In the aftermath of the Covid-19-induced sell-off in the first quarter of 2020, high-growth stocks sprung to life. In particular, EV stocks charged higher. As investors soured on growth stocks, though, the highest fliers became some of the recent bear market’s biggest losers. And while there may be opportunities in some of the more established players, investors should avoid the worst EV stocks or risk further losses.
There’s a big difference between buying shares of a major EV company like Tesla (NASDAQ:TSLA) or a large automaker that’s transitioning into EVs like Ford (NYSE:F) and investing in a pre- or early-production company. Auto production is capital-intensive. Companies need cash in the bank to keep the business afloat, especially during rocky economic periods. Those that have yet to generate any revenue, let alone turn a profit, are likely to struggle.
With that in mind, here are three of the worst EV stocks you could buy right now.
Electric truck maker Nikola (NASDAQ:NKLA) is expected to generate a meager $110 million in sales for 2022 after producing no revenue last year. However, it’s the lies and deceit that accompanied the company’s early days that put this name on my list of the worst EV stocks to own.
Nikola founder and former chairman Trevor Milton is about as shady as they come. He is under indictment for multiple counts of fraud and is being accused of lying about “nearly all aspects of the business” to get investors to purchase shares. In December, Nikola reached an agreement with the Securities and Exchange Commission to pay a fine of $125 million to settle charges that it defrauded investors.
It remains to be seen whether Nikola can repair its reputation and deliver on any promises. Management says it plans to deliver 300 to 500 trucks this year but investors will have to wait and see.
With dozens of EV stocks to choose from, one that’s had this many problems in its short time as a public company is an easy pass for me. There’s simply too much drama.
Lordstown Motors (RIDE)
When Lordstown Motors (NASDAQ:RIDE) announced its second-quarter results early this month, it reported a $61.3 million operating profit despite no revenue. How is that possible? Apparently, it was due to the roughly $120 million it generated through the sale of one of its plants. That’s not the best way for an automaker to turn a profit, but you gotta do what you gotta do.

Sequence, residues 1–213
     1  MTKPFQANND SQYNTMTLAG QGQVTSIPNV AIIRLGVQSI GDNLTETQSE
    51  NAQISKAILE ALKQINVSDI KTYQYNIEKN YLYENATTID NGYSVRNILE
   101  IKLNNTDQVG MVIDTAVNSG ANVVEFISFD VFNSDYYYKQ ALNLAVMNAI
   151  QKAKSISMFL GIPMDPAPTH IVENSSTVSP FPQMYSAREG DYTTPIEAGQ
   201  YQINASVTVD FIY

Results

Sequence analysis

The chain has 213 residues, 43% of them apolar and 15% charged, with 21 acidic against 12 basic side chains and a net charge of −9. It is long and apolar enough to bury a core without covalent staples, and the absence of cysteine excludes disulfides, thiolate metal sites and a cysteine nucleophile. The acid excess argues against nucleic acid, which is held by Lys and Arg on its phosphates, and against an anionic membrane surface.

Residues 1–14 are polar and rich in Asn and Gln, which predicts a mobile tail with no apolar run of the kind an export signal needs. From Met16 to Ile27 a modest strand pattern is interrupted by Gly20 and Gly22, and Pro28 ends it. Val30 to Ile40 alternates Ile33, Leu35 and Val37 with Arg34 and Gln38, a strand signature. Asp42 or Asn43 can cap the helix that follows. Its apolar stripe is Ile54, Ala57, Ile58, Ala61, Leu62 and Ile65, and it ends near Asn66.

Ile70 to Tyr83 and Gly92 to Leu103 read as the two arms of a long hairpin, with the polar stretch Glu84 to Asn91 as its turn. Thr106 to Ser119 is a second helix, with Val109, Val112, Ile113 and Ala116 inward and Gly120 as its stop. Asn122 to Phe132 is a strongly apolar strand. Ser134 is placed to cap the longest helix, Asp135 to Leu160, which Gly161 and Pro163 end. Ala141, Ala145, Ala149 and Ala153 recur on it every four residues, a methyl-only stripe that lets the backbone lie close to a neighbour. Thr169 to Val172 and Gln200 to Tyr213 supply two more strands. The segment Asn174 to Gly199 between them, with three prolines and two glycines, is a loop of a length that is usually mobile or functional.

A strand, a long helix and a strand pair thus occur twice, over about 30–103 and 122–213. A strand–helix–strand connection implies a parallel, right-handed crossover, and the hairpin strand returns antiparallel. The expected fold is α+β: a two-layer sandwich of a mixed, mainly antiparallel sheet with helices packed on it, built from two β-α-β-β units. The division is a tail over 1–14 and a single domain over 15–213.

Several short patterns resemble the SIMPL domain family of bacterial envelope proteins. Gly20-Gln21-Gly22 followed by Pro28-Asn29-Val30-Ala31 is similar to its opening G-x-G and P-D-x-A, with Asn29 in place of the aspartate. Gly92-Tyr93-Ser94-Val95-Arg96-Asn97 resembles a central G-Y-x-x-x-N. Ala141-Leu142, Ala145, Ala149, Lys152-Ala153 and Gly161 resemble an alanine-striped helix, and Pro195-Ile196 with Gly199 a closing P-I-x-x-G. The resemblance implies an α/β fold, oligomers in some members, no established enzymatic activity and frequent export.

The company did end the quarter with $236 million in cash and lowered its minimum capital raise for the year from $150 million to $50 million to $75 million. That’s a solid improvement, particularly as Lordstown gears up for production to begin in the third quarter. However, production could be hampered by lingering supply chain issues and a budding recession.
Management is forecasting an operating loss and capital expenditures of between $140 million and $150 million for the second half of the year and less than $5 million in sales for the full year. That doesn’t leave the EV maker, which has a market cap of $439 million, with a lot of wiggle room.
Electrameccanica Vehicles (SOLO)
Maybe it’s just me, but when I look at Electrameccanica Vehicles’ (NASDAQ:SOLO) three-wheeled, single-seat electric vehicle, I don’t see a product that’s likely to find commercial success. While the $18,500 starting price tag makes this vehicle much more affordable than some other options, I just can’t see people wanting to drive these odd-looking things. A lack of demand would obviously limit the company’s chances of sustained long-term growth.
On the plus side, the company had just $17.4 million in debt and over $176 million in cash and equivalents at the end of the second quarter. That’s great! However, debt is up significantly from a year ago while its cash position is down from $250 million. Analysts expect about $7.8 million in sales this year and about $108 million in revenue next year. It is not expected to break even until 2024.
I don’t think the financials do enough to bolster the case for Electrameccanica Vehicles given its products are a dice roll in terms of mass adoption.
On the date of publication, Bret Kenwell did not have (either directly or indirectly) any positions in the securities mentioned in this article. The opinions expressed in this article are those of the writer, subject to the InvestorPlace.com Publishing Guidelines.